Finish Your Ugly-Crying. Here’s What Comes Next.
By Ann Friedman
Back in July, I sent an email to some friends — all women — inviting them over to watch Hillary Clinton’s acceptance of the Democratic nomination. The subject line was “Let’s feminist ugly-cry together.” I said I wanted to celebrate the fact that a woman had made it this far in American politics. Really, though, I was hedging my bets. I wanted one big celebratory moment with the women I love, just in case Hillary didn’t get to give another major acceptance speech. I got a little choked up, but didn’t shed a tear.
This morning, I ugly-cried.
“Our campaign was never about one person or one election,” Clinton said in her concession speech. “It was about the country we love and about building an America that is hopeful, inclusive, and bighearted.”
It’s hard to get to a place of hope and inclusiveness when your eyes are still puffy and snot is still running down your face and you’re worried about the mental health and safety of your friends. A KKK-endorsed man who openly bragged about assaulting women has risen to power by stoking rural, white Americans’ fears, and, come January, every branch of the federal government will belong to him and his allies. “This election,” wrote Rebecca Traister last year, “is a referendum on the existence and civic participation of Americans who are not white men.” And now we all know how it went.
I would love to be turning my tears into a rant about men’s inability to accept powerful women. And there was a fair bit of that happening in this election, I’m sure. But that is not the full story the polling tells. White women were right alongside white men in voting for Trump: Exit polls are showing that 53 percent of white women voted for him, too.
“Too many privileged white women wanted a traditional regime to flourish,” Clover Hope writes at Jezebel. “And many liberal white men and women who didn’t think this could happen were happy to stand by and let the seismic shift toward white nationalism roll on, content to remain unaffected.”
We are about to enter a frightening new era for vulnerable people in America. Most of them cannot take a few days off to process what has just happened. Which is why those of us who don’t belong to the most vulnerable groups have a greater responsibility to start building that more “inclusive and bighearted” America right now. I’m sorry to inform you that we cannot take much time off.
This is especially true for white people who worried about a possible Trump presidency but didn’t do much to prevent it and are now devastated by the result. If you obsessively checked Facebook and FiveThirtyEight but didn’t phone-bank, didn’t write personal letters to Trump-leaning relatives, didn’t drive people to the polls, didn’t donate, didn’t make sure that every single one of your friends was registered … I wish you’d done things differently. But we can’t go back and redo the election. We can, however, start putting in some good work right now.
You can become an abortion-clinic escort. You can show up to a Movement for Black Lives event. You can actually start paying attention to your local and state government. You can volunteer with an after-school tutoring program. You can become a consistent donor to an organization that’s been doing social-change work for a long time — long before you despaired about these election results and decided to really get serious about improving the country. Use the buddy system and recruit three despondent friends to do one or two of these things with you. And then actually do them.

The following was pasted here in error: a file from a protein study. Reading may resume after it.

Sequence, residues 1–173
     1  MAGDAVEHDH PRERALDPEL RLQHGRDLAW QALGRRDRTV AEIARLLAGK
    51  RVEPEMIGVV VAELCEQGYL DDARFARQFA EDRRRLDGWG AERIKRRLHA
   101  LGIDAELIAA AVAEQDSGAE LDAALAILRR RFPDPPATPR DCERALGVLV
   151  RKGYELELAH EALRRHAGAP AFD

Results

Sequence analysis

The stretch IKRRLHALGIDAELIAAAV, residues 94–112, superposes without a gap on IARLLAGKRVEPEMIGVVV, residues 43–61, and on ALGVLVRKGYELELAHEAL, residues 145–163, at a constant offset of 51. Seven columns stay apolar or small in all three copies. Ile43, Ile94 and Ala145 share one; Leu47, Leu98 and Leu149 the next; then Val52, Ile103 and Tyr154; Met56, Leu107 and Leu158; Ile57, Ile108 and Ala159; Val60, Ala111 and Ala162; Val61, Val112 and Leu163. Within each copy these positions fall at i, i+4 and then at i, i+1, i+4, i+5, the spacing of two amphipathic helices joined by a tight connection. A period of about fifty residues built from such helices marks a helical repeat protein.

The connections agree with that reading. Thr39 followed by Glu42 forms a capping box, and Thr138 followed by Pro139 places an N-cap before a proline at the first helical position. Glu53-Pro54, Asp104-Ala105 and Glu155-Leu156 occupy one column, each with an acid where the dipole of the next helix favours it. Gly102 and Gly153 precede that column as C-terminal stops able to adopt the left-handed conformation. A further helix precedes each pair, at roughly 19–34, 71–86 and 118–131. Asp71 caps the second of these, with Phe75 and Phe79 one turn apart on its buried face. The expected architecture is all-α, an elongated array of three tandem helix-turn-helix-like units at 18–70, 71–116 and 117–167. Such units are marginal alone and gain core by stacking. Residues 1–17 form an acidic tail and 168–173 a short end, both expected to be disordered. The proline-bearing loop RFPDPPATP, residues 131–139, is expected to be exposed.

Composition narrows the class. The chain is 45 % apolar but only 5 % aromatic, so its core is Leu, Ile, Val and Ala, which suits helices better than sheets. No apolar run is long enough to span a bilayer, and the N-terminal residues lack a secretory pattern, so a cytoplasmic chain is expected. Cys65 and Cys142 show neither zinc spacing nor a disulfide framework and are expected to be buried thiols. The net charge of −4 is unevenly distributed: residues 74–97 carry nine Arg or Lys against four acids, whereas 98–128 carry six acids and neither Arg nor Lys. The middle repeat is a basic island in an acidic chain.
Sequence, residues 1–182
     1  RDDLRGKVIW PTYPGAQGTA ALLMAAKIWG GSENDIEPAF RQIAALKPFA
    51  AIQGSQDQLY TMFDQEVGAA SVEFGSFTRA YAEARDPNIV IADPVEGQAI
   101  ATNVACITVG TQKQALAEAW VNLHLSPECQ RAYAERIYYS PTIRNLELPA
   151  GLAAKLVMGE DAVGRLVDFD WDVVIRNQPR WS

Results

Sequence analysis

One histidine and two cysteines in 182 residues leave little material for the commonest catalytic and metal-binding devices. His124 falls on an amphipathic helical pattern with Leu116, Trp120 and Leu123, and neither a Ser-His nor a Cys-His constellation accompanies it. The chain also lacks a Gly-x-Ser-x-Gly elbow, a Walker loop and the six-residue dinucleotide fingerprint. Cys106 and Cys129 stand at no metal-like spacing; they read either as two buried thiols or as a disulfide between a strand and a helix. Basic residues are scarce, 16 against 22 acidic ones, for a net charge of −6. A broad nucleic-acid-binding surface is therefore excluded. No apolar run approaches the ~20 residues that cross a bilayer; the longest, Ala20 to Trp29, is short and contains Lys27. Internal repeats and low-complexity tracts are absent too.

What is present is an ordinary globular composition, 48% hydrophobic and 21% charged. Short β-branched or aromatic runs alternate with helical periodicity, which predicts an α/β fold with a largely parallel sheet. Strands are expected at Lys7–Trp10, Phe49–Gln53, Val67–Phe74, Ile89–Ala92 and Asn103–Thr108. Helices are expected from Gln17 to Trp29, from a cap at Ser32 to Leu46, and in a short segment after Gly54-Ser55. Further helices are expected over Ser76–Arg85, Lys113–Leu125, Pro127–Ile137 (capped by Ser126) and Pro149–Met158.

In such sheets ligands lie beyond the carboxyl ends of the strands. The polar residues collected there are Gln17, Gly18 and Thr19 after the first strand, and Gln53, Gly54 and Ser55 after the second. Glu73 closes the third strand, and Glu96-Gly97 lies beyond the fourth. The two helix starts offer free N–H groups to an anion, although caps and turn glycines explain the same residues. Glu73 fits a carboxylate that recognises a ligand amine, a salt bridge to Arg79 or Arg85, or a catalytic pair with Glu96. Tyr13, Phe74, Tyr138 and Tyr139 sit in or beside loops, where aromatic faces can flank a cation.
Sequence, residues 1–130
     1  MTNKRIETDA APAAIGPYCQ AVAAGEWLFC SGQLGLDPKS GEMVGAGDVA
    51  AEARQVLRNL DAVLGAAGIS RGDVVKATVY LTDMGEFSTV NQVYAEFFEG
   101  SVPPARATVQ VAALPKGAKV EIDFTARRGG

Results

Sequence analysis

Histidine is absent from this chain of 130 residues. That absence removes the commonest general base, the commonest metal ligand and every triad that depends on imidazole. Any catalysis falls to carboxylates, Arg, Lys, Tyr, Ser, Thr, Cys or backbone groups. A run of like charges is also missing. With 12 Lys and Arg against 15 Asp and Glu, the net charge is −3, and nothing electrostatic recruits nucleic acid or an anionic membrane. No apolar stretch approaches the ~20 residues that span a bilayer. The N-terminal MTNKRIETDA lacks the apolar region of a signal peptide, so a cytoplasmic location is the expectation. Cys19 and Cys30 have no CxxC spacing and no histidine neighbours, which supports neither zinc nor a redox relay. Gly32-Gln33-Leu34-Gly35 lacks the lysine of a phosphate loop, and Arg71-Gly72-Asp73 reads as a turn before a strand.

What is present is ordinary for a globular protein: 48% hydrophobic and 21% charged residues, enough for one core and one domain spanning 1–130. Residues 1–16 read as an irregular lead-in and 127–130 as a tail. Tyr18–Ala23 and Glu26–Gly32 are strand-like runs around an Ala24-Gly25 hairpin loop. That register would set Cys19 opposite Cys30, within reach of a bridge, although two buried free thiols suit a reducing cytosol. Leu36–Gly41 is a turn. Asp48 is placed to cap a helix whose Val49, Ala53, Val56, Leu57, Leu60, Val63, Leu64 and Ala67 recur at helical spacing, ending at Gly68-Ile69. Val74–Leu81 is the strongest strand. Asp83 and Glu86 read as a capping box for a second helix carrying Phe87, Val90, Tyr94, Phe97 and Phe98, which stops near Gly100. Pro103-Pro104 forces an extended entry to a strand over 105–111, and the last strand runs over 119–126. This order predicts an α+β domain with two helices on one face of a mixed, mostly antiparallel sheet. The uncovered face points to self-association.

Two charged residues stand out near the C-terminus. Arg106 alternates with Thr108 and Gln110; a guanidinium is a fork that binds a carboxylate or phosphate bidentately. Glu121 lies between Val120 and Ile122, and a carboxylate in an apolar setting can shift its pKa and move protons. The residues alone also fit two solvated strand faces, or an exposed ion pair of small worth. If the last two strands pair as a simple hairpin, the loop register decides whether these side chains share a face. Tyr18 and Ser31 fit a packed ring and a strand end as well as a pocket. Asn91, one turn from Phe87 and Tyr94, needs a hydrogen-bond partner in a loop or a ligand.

You’ll know that you are taking meaningful action when you start feeling uncomfortable. When you are nervous and a little scared. When you’re working with people who don’t look like you, or who have had very different experiences in this world. When you don’t have a tangible, immediate goal like “winning an election.” Because the hard work of making change in America is very different from electing a president. Elections have endpoints. Social progress does not.
More narrowly, when it comes to women and politics and the proverbial glass ceiling, it’s also up to everyone to fill the pipeline. Encourage women to run. Find politicians who look like the America you know and love, and support them early in their careers. “I know we have still not shattered that highest and hardest glass ceiling,” Clinton said in her concession speech, “but someday, someone will.” That’s a little too vague for my liking. I want a list of names and a line of donors, not a wistful “someday, someone” dream. This should be everyone’s responsibility. Don’t wear a “The Future Is Female” shirt if you can’t name three female politicians you’d like to see hold higher office in the future.
And if none of that works to stop your Claire Danes ugly-crying, here’s a secret: Hillary was always a beginning and never an endpoint. She is not our last chance at a woman president, and she was never our only path to meaningful change or feminist progress. President Hillary — even with a Democratic Senate — wouldn’t have been able to put a hard stop on the entrenched racism that leads to state violence against black people, or the male entitlement that leads to the abuse and assault of women. Things are going to be, uh, different without her in the White House (sorry, understatement of the decade), but our fundamental task is unchanged. The call to action is the same, but so much louder.
So listen to it.